My father was very suspicious about the whole thing and went to see the pediatrician. Having not treated my brother himself he looked in the medical record. He did not have much to say to my father, but he left the record with my dad before leaving and asked for him to take it to the front desk. My father believes this was intentional, that the doctor wanted him to see what was in there. My father took note of what drug he was given and the dosage. When he looked it up he discovered that the doctor had given him the ADULT dose of the drug!

And the most horrible part of the whole thing is that obviously the doctor at some point realized what he had done, which is why he made the strange call to my mother. But he was too chicken to tell the truth so he could get help!

The way compazine works to stop vomiting is to reduce the gag reflex but it also reduces the choking reflex as well. In an appropriate dose that is not a problem. But in the dose that my brother was given it completely eliminated it. My mother gave him water before putting him to bed. That water went straight into his lungs, explaining the autopsy results.

My mother blamed herself for not taking him to the hospital. She felt that she had put finances before my brother’s well-being because my father had just gotten a new job and they did not have insurance yet. Of course it was never her fault but that did not stop her from feeling guilty.

My father put the blame where it belonged and went to a lawyer but at that time the doctors were the ones who had all the powerful lawyers so it would have been almost impossible to win the case. Furthermore my father had no money to pursue this. And it was not going to bring my brother back anyway.

So here was my grief stricken mother who was trying to hold it all together and still take care of two young children, one just a baby. No wonder I felt rejected, she simply couldn’t deal with it all. My sister was probably old enough to be sensitive to the situation and try not to be a bother. Even before my brother died though, my mother most likely was having some trouble taking care of me because my brother was sick all the time.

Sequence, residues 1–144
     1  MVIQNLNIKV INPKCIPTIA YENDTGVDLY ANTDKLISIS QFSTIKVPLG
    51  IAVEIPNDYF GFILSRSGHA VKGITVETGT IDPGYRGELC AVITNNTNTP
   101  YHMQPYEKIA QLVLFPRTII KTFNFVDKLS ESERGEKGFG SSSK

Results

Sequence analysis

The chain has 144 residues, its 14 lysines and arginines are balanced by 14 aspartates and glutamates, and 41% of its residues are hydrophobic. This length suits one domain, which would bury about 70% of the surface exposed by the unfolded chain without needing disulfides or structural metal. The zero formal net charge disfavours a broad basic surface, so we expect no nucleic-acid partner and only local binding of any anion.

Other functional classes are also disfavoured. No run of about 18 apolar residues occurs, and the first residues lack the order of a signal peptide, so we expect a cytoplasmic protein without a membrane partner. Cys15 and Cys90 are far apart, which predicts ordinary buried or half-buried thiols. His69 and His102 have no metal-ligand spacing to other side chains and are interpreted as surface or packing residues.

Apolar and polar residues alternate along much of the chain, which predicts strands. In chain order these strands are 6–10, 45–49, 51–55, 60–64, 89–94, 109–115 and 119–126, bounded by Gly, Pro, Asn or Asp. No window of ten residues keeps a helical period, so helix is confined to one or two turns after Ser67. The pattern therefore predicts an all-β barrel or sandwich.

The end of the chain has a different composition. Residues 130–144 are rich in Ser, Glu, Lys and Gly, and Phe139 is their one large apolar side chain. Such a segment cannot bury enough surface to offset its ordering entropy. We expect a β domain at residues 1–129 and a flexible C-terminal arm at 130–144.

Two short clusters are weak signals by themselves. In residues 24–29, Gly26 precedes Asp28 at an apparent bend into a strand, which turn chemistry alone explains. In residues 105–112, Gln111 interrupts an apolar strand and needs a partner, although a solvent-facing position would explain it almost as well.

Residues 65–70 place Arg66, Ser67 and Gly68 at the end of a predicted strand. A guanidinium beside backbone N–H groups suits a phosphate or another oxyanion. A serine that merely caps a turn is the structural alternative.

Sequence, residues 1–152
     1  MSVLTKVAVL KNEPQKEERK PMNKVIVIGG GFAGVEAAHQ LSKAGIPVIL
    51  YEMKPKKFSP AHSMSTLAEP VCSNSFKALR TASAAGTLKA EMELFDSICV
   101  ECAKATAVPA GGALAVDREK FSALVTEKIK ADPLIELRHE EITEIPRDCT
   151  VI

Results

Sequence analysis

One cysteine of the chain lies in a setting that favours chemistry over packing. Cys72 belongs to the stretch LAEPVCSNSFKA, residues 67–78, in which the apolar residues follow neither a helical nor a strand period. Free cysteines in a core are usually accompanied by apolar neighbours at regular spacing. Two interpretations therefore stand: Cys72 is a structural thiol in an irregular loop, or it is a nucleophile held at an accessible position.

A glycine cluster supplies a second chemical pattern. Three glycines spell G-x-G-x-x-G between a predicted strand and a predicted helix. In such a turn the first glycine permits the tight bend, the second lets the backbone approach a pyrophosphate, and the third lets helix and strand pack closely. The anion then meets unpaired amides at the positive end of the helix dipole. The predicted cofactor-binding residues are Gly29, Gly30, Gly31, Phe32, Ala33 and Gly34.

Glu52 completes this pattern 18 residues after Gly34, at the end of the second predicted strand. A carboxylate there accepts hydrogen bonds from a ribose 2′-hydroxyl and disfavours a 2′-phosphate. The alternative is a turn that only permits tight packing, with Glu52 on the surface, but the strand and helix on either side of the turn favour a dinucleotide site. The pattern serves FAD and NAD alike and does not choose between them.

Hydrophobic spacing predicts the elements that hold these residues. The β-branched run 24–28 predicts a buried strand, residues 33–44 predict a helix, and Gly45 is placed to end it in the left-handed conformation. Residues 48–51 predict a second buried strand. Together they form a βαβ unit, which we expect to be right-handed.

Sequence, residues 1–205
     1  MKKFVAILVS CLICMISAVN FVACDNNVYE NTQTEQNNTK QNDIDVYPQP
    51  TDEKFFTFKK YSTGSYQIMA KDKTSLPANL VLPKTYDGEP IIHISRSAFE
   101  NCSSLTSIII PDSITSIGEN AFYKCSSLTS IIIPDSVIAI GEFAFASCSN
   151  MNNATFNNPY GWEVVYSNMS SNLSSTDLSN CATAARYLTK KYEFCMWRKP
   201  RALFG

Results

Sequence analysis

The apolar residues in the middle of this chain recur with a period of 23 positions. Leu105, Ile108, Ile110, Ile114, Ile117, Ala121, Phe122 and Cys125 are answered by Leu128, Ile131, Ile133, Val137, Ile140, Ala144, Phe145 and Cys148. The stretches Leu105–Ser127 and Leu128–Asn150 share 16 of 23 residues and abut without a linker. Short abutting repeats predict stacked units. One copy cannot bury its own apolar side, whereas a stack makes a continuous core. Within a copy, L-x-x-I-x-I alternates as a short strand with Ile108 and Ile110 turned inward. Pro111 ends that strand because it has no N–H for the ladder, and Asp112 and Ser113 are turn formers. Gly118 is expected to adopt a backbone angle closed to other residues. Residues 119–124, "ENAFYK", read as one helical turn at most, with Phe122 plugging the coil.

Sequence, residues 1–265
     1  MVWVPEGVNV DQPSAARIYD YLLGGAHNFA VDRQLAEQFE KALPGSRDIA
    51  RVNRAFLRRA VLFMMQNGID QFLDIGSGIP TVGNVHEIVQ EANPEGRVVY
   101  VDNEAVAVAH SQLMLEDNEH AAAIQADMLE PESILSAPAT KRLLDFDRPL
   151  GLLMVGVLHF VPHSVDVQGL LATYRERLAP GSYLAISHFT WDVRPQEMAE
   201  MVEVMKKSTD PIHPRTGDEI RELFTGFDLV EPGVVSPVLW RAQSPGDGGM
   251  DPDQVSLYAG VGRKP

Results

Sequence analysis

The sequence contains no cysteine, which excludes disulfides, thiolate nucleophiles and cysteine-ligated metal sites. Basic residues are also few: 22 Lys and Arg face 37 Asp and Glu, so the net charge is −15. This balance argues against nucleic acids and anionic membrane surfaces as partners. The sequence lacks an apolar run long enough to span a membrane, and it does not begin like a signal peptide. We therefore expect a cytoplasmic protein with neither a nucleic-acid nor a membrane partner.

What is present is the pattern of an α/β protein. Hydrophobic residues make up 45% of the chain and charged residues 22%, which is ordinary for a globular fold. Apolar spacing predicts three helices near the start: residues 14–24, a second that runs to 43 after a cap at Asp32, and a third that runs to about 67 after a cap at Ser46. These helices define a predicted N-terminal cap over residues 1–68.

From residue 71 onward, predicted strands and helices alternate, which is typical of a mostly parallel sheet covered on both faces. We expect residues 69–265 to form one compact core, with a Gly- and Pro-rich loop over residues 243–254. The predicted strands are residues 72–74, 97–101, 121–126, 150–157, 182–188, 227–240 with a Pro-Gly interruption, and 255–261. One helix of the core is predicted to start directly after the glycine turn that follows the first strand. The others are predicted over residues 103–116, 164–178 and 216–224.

Things were very bad for my father as well. In fact I can’t even imagine how he had the strength to keep going. He had to take time off from his new job to take care of funeral arrangements. And his boss bullied him over it. And not just him, but my father’s co-workers as well. My father has told me that they actually made sick jokes about my brother’s death. And he also told me something that shocked me even more than that. He said that this is the kind of bullying that makes people want to kill themselves. Then he said “But suicide would not have solved anything.”

Even as I write this down I am fighting back tears. My poor, poor brave father! No one should ever have to go through that!

He actually stayed at the job because they needed the money. So day after day he had to keep going. He was fired eventually, and this same boss blacklisted him, so he could not get another job. But my father got lucky on one count. He talked to someone who knew this boss and it turns out this guy had something scandalous on him, and told my father not to worry, that he would take care of the situation. The blacklisting stopped.

After putting this all together how can I not have empathy for what both of them went through? I would not have been able to endure that.

I now know that it wasn’t about me. The rejection I felt was from two people who were struggling to keep their heads above water. And they made it. They loved my sister and I enough to keep going.

God bless them both.